by Charles Reed
The Durham Science Center is a fixture in the Omaha community in more ways than one. Not only does it house a planetarium and a traveling chemistry lab, both used by dozens of schools around the state, but it is the central hub for the very popular "Aim for the Stars" camp, providing a math-and-science based summer camp for middle-schoolers, that has been in operation since 1998. Here on campus, it is home to several departments including Math, Physics, Geology/Geography and Chemistry.
However, all of these departments had a long life before the introduction of the Durham Science Center. Most of them were once taught at UNO’s original location at 24th and Pratt Streets in what is now the transition point between Midtown and Downtown and then moved to other buildings around campus, until, in 1985, work began on what is now the Durham Science Center – located just to the west of the Criss Library.
Even though the building began to build its structural foundations in 1985, the conceptual foundations for the Durham Science Center had begun 10 years prior in 1975. While UNO had a solidified six-year plan for westward expansion of the campus, money wasn’t readily available in the late 70s to spearhead the project despite the purchase of several homes in what is now the far-west portion of the Dodge Street Campus.
Then-Chancellor Del Weber pushed for funding again in late 1981 and early 1982 to purchase land west of campus as a necessary step before construction could start on the science building. He ran into opposition, however, from Frances Batt, president of the Citizens Action Association, who said allocation of funding would be better served with a high-rise parking structure south of the Arts and Sciences Building instead of continuing westward expansion.
While this was being decided, the dean of the College of Arts and Sciences voiced his opinion, saying that starting construction was "critical" due to the temporary annexes located east of the Arts and Sciences Building not only being not exactly the best atmosphere for learning, but also not exactly being in the best atmosphere for learning, but also not exactly being in the best shape either.
However, other politicians, like former Senator Bob Kerrey, indicated that UNO students were more interested in increased parking space than increased classroom space. It was a clash that would continue on through all of 1982 and almost all of 1983 until, in November, the Board of Regents approved the purchase and acquisition of 12 properties on the west end of campus. Soon after, the Nebraska legislature approved funding for a new building to house the various science departments – although not without some lingering issues to be sorted out.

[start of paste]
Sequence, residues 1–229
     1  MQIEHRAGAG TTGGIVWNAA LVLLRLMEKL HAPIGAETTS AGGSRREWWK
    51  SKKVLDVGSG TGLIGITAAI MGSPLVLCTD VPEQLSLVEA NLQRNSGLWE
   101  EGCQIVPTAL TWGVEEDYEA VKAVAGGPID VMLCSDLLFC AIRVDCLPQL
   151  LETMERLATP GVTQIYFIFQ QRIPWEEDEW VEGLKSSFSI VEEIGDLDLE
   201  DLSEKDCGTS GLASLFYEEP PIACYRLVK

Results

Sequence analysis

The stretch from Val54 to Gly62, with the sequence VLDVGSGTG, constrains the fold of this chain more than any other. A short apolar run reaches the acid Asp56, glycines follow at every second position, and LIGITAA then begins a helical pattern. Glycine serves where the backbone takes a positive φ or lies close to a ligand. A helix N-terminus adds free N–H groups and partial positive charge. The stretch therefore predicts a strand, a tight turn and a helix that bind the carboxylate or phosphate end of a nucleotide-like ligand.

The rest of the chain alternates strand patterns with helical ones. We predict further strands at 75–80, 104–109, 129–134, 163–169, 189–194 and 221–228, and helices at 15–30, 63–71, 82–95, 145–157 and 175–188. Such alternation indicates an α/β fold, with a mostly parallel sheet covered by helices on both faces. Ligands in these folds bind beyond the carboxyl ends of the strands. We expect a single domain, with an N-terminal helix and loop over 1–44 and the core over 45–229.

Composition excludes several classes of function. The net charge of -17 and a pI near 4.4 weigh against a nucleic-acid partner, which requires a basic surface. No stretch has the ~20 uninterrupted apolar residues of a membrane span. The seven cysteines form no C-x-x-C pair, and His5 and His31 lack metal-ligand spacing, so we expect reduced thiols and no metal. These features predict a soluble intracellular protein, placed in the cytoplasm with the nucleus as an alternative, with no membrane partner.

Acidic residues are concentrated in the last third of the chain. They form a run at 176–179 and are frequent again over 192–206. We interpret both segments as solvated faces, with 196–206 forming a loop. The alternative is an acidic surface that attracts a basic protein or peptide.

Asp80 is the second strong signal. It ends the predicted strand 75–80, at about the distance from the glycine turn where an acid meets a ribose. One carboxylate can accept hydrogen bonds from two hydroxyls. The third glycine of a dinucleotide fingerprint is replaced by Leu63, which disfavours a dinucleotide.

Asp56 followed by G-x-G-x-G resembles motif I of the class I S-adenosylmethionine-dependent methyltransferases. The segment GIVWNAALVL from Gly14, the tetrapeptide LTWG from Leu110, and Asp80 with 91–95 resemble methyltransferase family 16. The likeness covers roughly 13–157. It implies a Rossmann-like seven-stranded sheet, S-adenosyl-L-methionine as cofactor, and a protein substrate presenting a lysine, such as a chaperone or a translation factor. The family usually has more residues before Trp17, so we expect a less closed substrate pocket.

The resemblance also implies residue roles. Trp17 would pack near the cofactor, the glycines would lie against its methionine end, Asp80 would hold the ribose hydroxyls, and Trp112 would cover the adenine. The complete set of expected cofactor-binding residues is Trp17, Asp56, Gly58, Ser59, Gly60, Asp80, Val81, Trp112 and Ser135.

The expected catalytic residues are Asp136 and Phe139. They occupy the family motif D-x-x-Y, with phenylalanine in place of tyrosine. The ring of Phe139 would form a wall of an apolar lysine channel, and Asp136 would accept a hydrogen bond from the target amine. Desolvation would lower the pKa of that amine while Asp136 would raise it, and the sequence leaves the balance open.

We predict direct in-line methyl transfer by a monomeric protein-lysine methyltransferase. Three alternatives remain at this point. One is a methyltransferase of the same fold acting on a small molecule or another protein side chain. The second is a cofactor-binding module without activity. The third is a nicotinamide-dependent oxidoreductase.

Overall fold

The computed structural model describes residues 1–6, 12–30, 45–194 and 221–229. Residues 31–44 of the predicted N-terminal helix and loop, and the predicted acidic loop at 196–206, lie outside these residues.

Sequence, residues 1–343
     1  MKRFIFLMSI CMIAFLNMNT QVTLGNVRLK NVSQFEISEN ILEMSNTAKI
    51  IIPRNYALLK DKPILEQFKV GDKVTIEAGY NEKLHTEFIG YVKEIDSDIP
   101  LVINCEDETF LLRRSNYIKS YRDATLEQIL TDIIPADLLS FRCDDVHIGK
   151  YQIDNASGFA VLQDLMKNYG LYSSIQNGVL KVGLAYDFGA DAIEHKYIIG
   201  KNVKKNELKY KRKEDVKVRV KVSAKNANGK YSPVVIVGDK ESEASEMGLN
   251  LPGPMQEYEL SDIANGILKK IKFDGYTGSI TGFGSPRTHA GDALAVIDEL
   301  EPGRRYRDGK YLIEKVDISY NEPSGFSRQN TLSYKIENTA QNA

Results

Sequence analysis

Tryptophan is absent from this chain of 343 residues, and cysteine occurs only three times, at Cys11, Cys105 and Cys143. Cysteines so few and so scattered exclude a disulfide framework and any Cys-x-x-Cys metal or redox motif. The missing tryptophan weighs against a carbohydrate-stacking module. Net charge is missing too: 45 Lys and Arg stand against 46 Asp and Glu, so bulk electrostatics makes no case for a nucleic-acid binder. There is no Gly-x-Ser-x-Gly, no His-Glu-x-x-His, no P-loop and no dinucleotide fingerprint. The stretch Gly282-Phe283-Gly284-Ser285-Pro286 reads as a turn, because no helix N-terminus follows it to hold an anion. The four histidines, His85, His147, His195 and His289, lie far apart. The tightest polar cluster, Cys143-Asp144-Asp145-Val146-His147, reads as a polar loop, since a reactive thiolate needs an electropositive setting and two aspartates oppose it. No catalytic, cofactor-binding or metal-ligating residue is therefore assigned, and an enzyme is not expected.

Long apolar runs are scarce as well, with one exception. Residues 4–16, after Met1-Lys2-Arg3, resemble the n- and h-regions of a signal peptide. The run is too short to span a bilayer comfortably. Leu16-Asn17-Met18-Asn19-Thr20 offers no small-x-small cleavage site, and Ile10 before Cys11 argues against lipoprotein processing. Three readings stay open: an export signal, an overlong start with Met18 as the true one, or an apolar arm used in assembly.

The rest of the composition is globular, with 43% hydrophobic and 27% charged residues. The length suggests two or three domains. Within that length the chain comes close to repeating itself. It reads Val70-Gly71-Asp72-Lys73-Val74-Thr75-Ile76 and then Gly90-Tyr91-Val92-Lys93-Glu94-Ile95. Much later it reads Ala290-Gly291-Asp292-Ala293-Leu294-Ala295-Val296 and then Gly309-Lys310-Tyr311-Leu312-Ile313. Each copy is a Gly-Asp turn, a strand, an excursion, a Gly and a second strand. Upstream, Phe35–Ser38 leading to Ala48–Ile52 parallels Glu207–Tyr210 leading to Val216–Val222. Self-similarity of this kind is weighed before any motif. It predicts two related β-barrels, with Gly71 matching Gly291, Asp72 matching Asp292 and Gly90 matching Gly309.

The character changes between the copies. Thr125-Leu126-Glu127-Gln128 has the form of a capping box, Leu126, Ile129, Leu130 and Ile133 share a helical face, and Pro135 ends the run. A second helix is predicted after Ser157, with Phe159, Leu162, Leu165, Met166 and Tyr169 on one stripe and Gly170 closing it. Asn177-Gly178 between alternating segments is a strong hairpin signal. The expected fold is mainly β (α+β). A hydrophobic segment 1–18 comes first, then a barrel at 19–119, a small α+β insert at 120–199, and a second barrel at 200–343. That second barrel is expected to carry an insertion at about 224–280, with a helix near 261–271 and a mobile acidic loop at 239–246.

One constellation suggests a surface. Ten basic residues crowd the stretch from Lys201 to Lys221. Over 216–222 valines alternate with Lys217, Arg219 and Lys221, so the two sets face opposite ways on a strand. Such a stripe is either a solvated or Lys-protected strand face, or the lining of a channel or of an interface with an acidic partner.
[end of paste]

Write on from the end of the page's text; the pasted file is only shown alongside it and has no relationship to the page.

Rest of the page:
Ground broke on the new building on September 19, 1985 with numerous guests in attendance and, by February, the foundations of the Durham Science Center were clearly visible and a welcome sight to many administrators and faculty on campus who had pushed for the building over the past decade. The progress was even more evident by September of that year, with the building’s recognizable glass facade erected and readily available for photo opportunities.
Another visually-arresting element to the soon-to-be Durham Science Center was a series of holograms commissioned for $28,000 from Doug Tyler, an artist from South Bend, Ind – these very same holograms still remain in the main atrium of the building today.
Finally, after over a decade of theorizing and hypothesizing about how to build a new lab sciences facility on campus, in June 1987, the Lab Sciences Building opened and was ready for its first full course load at the beginning of the fall semester several months later.
In September, the building was dedicated and given a new name: The Durham Science Center after Charles and Margre Durham who had helped spearhead UNO’s "Diamond Jubilee" campaign which celebrated the university’s 75th anniversary and lasted for five years – securing funds for, among other things, the Durham Science Center and a new parking structure on the east side of campus.
Since it’s completion and dedication, the Durham Science Center has seen many of the students in the Aim for the Stars camp or its hundreds of planetarium shows, grow up to choose UNO and take classes in the very building that awed them as children. The building has also been home to labs and research space that have led to several hundred publications, more conferences and those same students becoming teachers or scientists working in the field. Even today, the next great scientific mind who will change the world as we know it could be walking the halls of the Durham Science Center at UNO.
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